CHICAGO (CBS) — All the rain that has been falling in Chicago the past several weeks has caused plenty of water woes across Chicago, including some streets left flooded with large puddles long after the rain stops.
When it rains, it really pours outside Michelle Nowicki’s house in Portage Park.
A small pond forms in the street, and doesn’t drain for days after the rain stops. After a recent soaking, the streets around her home were dry, but right outside the big puddle stayed for more than 48 hours.
“They do do city cleaning weekly in the summer, but it still happens. Even after the street cleaning, the water accumulates,” she said.
The standing water creates an annoying stench, and parking can get tricky with the persistent puddles.
“It’s not okay to keep having the streets being flooded, and an inconvenience for taxpayers to be able to get out of their car and not get drenched,” Nowicki said.
Deborah Karabin also struggles with drainage problems across town in the Lakeview neighborhood.
A miniature lake covers the sidewalk and half the street at the busy intersection of Addison and Inner Lake Shore Drive when it rains. Pedestrians end up walking in the middle of the street to dodge the huge puddle that covers part of the crosswalk and sidewalk.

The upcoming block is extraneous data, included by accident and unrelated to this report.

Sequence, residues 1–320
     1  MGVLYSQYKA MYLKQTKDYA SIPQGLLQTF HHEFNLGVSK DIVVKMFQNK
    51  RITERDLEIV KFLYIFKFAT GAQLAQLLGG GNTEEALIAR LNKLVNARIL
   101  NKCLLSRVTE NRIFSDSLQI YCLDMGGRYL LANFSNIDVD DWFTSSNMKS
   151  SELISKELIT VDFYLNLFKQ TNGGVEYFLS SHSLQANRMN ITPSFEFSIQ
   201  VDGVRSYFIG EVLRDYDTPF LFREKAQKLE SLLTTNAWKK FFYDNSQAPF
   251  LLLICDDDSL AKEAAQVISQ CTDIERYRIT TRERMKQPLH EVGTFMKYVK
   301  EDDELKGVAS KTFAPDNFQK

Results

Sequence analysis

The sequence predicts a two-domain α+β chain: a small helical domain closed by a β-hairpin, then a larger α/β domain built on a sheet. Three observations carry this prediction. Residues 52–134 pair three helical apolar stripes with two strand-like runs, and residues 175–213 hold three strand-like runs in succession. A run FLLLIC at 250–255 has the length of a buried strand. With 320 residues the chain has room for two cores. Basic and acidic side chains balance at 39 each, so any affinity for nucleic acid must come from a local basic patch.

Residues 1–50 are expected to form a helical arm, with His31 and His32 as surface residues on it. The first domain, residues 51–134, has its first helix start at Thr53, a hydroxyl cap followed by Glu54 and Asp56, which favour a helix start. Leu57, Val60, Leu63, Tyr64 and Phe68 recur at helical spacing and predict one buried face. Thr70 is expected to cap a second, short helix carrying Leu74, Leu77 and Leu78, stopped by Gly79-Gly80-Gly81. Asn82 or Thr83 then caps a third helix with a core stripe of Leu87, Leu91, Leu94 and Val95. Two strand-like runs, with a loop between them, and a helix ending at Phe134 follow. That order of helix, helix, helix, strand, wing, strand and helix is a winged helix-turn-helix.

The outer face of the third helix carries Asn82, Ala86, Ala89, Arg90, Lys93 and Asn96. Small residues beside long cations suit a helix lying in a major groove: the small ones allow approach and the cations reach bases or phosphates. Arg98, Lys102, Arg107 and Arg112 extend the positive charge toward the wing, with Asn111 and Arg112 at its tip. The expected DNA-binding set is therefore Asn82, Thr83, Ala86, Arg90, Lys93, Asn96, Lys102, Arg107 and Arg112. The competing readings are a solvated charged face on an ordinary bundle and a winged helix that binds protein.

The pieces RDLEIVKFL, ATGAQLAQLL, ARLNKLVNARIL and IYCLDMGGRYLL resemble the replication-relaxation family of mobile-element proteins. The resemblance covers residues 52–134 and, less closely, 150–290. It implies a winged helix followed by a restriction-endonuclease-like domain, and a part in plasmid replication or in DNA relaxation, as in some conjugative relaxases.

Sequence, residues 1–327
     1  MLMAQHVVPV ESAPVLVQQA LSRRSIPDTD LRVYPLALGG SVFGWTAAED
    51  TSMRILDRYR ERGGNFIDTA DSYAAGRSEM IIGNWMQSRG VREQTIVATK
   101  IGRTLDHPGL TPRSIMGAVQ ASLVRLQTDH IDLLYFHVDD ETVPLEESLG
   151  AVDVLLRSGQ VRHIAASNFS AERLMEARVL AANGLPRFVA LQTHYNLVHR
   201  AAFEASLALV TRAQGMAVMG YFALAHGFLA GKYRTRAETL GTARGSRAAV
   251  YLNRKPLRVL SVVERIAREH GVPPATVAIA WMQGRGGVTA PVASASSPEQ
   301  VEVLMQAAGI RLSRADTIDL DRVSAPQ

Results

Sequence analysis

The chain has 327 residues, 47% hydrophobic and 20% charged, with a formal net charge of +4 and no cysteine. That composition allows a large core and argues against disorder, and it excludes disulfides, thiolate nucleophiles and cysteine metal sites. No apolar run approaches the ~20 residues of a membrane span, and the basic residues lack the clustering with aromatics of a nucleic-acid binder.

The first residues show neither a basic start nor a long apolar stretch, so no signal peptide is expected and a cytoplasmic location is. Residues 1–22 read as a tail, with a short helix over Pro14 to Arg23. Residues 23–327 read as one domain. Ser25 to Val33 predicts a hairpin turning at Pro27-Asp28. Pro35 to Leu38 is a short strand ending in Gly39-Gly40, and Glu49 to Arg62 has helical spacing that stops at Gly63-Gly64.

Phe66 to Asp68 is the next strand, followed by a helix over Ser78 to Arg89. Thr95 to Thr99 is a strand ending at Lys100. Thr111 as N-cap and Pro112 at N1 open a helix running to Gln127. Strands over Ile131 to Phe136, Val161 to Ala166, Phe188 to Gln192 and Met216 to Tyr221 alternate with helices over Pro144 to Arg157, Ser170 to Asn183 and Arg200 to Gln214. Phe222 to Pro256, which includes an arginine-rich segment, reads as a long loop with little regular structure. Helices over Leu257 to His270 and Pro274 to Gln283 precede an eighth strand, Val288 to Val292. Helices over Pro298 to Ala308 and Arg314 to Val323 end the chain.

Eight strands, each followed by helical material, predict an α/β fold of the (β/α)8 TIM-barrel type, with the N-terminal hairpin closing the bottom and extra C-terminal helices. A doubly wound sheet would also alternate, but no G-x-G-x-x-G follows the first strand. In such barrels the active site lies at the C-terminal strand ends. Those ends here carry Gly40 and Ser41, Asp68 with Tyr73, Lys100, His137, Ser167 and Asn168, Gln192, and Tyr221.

“I mean you can’t walk through it,” Karabin said.
Street flooding consistently causes headaches in the Dunning neighborhood as well.
The Department of Water Management said storm accumulation can vary based on topography, tree density, and catch basin maintenance.
In many cases, a city-installed device called a rain blocker purposefully keeps stormwater on the street to prevent the city’s combined sewer system from getting overwhelmed.
“It is better than having it back up into basements,” a Water Department spokesperson said.
That’s not acceptable to Nowicki
“If they’re constantly working on the city to improve it and the streets, they need to find a different solution,” she said.
She and other taxpayers have the opportunity to request a hydraulic study, according to the city’s website, but a CBS 2 records request for a log of completed studies came up empty.
A Water Department spokesperson said it wasn’t clear if anyone ever requested a study.